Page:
SAN FRANCISCO -- Rangers reliever Darren Oliver has been around -- 17 Major League seasons, eight clubs, three separate stints with Texas. He looks at this all-West, new-names World Series as a good thing, even if it's missing the familiarity of the Yankees, Red Sox and Phillies brands.
"Everybody likes to see the Yankees in the Series for some reason," Oliver said. "I like this. People get to see a lot of other players."
Involved in his fifth consecutive postseason with three different teams, Oliver has come close twice to the Fall Classic, missing with the 2006 Mets and the Angels of 2009 in League Championship Series disappointments. Reaching the big show at age 40 has him gratified that he didn't walk away from the game.
"I saw it before, just playing against these guys," Oliver said when asked about the Rangers' potential to go the distance. "They were good last season. Everything came together this year, and the team was going to roll. I'm just glad I was here with them."
He enjoyed one of his finest seasons with his 2.48 ERA in 64 games, but Oliver isn't looking beyond this showdown, admitting that retirement has to come eventually.
"It's getting close," he said.
Told that he's been saying that for several years, Oliver grinned.
"Yeah," he said, "I know. But it is getting close."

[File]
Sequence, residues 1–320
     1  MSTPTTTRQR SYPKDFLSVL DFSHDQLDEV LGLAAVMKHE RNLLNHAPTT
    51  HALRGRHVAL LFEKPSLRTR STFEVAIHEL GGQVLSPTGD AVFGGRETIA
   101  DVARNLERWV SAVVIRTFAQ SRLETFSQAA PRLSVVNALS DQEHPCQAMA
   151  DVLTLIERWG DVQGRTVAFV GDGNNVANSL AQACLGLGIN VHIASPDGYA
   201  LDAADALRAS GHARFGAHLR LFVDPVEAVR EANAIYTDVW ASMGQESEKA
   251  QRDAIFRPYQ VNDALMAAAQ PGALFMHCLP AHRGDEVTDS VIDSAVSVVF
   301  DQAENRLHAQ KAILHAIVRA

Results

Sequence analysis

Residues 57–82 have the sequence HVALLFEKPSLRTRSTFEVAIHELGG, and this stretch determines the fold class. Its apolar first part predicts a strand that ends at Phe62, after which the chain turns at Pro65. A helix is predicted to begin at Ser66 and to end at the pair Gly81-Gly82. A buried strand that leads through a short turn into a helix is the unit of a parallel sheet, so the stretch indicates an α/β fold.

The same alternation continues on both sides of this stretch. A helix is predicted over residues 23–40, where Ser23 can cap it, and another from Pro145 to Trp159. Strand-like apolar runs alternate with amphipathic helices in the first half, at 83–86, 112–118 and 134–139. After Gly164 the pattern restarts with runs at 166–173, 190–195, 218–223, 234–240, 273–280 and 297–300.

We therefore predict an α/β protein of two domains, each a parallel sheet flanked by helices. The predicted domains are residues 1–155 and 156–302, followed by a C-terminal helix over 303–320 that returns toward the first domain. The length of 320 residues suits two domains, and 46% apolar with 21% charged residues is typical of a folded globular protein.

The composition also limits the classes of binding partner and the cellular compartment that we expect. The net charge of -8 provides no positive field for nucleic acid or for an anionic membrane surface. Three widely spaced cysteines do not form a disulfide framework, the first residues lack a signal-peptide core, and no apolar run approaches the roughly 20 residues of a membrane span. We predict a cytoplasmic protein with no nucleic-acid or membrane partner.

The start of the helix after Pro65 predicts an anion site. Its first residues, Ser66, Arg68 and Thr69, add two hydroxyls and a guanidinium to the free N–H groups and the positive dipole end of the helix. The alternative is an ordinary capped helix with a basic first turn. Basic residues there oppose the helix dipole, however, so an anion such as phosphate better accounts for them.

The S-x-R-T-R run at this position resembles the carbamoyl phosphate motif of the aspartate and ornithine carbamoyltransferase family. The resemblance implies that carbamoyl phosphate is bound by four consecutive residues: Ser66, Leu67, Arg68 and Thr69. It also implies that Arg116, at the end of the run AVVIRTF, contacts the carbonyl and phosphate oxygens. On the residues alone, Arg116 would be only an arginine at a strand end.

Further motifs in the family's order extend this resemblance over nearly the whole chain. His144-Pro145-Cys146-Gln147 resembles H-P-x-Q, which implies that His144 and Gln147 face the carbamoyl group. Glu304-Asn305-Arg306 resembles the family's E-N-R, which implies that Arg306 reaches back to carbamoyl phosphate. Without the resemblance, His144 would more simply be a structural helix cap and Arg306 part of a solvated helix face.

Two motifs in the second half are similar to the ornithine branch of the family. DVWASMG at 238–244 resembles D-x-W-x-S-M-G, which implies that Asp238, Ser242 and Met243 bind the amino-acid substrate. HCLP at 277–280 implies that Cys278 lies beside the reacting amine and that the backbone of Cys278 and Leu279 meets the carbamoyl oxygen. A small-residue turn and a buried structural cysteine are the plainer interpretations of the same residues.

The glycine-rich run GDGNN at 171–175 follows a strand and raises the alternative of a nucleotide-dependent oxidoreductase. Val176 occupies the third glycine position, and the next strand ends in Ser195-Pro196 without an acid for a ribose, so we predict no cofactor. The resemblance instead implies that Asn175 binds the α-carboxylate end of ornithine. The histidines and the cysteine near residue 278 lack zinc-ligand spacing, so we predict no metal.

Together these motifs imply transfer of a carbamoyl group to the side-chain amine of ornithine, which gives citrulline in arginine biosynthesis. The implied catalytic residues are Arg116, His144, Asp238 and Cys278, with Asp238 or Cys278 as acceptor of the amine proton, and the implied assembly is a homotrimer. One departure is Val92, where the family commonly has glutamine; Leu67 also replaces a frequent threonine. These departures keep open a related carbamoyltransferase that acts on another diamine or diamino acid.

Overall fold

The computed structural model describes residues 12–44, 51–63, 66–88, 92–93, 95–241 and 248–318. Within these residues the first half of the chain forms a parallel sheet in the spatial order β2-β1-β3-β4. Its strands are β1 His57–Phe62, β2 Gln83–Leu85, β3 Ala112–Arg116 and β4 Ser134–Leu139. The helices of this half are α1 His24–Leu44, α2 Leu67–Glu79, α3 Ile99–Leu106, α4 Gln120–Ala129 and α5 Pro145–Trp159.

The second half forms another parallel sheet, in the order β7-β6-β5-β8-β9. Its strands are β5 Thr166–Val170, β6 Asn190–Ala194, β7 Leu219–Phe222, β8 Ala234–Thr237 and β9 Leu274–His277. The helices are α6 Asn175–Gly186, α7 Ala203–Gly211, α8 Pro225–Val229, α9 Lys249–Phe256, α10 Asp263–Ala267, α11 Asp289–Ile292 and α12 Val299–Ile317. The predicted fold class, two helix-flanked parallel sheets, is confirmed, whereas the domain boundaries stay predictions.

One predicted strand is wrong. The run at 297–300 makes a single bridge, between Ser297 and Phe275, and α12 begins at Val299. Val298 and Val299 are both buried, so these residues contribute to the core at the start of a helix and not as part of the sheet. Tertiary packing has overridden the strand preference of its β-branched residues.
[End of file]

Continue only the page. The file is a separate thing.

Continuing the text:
-- Lyle Spencer
Moreland a true professional at young age
SAN FRANCISCO -- Rangers first baseman Mitch Moreland has made the biggest games of his young career seem as if they're no big deal.
Moreland went 7-for-18 (.389) with three RBIs in the Rangers' six-game American League Championship Series victory over the Yankees, and has a .303 postseason average. Moreland, who started the year at Triple-A Oklahoma City but took over as Texas' regular first baseman late in the year, said it wasn't until the Rangers were on the cusp of the World Series that he stopped to feel the emotion of the moment.
"Before the last out of Game 6 at home, I stopped, took a step back, looked around, all the fans were on their feet and all the guys, you could see the grins on their faces," Moreland said. "We knew that we were about to have a shot at history. It set in for everybody."
For the most part, though, Moreland, 24, has kept emotion out of his approach to the game. That's one reason Moreland beat out Chris Davis for the regular job after being called up on July 29, after the Rangers sent Justin Smoak to the Mariners in the Cliff Lee trade.
"His approach to the game is very similar to his approach hitting," Rangers hitting coach Clint Hurdle said. "It's very short, compact. He's all about barrel to the ball. He's a no-nonsense kid from Mississippi State. He's a baseball player, flat out a baseball player. He's in the game, used to pitch, has a little bit of knowledge of the game from that angle.
"He was the third seed coming out of Spring Training. He's the last man standing."